Filled With `Distraction' -- Author's Futurist Look At America Is Fun, Dark And Imaginative, But Story Elements Lack Cohesion
Special To The Seattle Times
----------- Book report -----------
"Distraction" Bruce Sterling will read from "Distraction" at 7 p.m. Wednesday at the University Book Store, 4326 University Way N.E. in Seattle. For information, call 206-545-4365.
In 1993, noted science fiction novelist Bruce Sterling visited Moscow on assignment for Wired magazine. The trip had a profound effect on his thinking.
"The former Soviet Union - as it's continually called these days - was really the dark brother of the United States," he said by phone recently. "It was the other 20th century. The alternative 20th century. The way to do it absolutely differently from the way Americans do it. And they just plain collapsed. They failed so utterly and totally, it's almost indescribable."
His observations led Sterling to wonder what America might look like if its situation was that dire, if, as he says, "we gave into our worst possible impulses."
The result is "Distraction" (Bantam Books, $23.95), Sterling's sixth novel, set in America in the middle of the next century. Sixteen political parties jostle elbows while the federal government is at the mercy of do-nothing "emergency committees."
Whole bands of citizens, unable to find work, have taken to the road as nomads. Temporary roadblocks and toll extraction are commonplace. Even a U.S. Air Force base - left off the latest federal budget - resorts to extortion to feed itself. This is a third-world America, America as decentralized and anarchic as the Internet. "Take away America's money," one character tells another, "and you've got a country of tribes."
Our protagonist through all of this is Oscar Valparaiso, a political consultant and man of suspect birth who, in the aftermath of helping elect a U.S. senator, takes his entourage (or "krewe") to a domed federal lab in Texas. The Buna National Collaboratory is where scientists clone "all-but-technically extinct" wildlife and screw with their neural structure, rendering them placid and petlike.
For reasons known mostly to himself, Oscar engages in a power struggle for control of the lab. He enlists the aid of Dr. Greta Penninger, a Nobel laureate and his eventual lover, even as members of his krewe desert him. They find him cold and calculating - they wonder why he never sleeps.
This bare-bones plot, by the way, doesn't begin to describe the wonderfully imaginative, futuristic tidbits Sterling scatters across our path: "smart" concrete blocks that announce their functionality to builders ("I'm a cornerstone. Carry me five steps to your left"); a cold war with the Dutch; street lights in Boston that illuminate gunfire. When Oscar takes Greta to a trendy bayou restaurant, they are entertained by a classical string quartet: "It was amazing how many Anglos had gone into the booming classical music scene," Sterling writes. "Anglos seemed to have some innate talent for rigid, linear music that less troubled ethnic groups couldn't match."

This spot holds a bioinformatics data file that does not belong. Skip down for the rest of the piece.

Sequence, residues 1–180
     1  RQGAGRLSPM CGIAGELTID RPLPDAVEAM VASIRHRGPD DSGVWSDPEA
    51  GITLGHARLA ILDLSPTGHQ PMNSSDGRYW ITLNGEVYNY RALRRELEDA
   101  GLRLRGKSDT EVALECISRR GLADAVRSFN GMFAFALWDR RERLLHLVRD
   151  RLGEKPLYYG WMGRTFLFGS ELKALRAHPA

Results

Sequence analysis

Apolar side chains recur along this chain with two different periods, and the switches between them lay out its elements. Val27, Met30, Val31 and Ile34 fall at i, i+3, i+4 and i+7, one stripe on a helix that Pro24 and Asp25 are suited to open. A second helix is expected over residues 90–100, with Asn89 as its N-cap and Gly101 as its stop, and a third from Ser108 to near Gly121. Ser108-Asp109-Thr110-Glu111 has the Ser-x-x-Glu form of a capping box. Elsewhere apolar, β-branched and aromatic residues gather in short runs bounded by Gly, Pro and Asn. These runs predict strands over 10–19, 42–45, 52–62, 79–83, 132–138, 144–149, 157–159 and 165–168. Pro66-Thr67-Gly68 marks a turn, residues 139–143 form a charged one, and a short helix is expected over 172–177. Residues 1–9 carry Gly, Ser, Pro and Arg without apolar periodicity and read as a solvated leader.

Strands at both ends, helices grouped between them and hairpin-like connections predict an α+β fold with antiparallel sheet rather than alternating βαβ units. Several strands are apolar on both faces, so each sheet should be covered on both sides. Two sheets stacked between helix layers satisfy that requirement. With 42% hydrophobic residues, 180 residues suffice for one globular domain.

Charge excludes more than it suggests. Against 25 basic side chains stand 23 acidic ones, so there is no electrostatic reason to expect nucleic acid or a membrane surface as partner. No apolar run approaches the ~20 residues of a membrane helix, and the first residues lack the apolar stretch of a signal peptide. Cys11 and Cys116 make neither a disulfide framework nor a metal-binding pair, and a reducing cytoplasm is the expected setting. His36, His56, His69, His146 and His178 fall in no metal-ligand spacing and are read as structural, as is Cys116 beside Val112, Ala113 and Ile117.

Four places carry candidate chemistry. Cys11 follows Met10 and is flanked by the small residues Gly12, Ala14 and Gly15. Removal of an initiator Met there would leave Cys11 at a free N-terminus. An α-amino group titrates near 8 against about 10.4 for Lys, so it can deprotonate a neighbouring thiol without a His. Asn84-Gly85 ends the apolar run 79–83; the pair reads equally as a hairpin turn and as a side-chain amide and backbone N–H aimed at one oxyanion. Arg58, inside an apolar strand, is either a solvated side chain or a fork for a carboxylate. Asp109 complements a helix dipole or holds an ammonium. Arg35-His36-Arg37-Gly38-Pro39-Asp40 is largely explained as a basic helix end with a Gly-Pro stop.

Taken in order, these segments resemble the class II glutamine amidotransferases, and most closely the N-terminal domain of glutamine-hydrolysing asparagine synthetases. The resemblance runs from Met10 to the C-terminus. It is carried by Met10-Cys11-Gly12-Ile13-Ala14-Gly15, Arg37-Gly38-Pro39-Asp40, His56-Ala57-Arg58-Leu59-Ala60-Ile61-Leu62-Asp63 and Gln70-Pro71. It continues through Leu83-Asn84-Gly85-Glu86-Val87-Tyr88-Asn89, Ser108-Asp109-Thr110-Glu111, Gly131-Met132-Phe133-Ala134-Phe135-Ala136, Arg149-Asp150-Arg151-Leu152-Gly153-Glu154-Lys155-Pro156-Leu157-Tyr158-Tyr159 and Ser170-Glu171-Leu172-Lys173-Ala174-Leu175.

One of the more evocative scenes is a walk on the beach. By 2044, the world's oceans have risen two feet, and "beaches" as we know them are now many miles out to sea, giving the rippled brown shoreline a "gimcrack, unhappy look." Unhappy for us, yes, but not for Oscar. "The plethora of drift junk filled him with a pleasant melancholy. Every beach he'd ever known had boasted its share of rusted bicycles, waterlogged couches, picturesque, sand-etched medical waste."
The world Sterling creates, in other words, is often as complex and dizzying as reading the morning newspaper. About as cohesive, too, unfortunately. Disparate elements never come together in a satisfactory manner. The question that so many characters ask Oscar - why are they hanging out in the lab? - isn't properly answered. It's as if Sterling has so many ideas swirling through his head, he can't focus. He suffers from the faults of the world he creates - he seems distracted.
Not that the ride isn't fun. Sterling writes, he says, because it fills him "with a tremendous secret glee," and this glee is apparent in "Distraction." "I like to try to understand society and illuminate some of the cracks in it," he says. "Turn things upside-down and shake them and see what falls out of reality's pockets."
Copyright (c) 1998 Seattle Times Company, All Rights Reserved.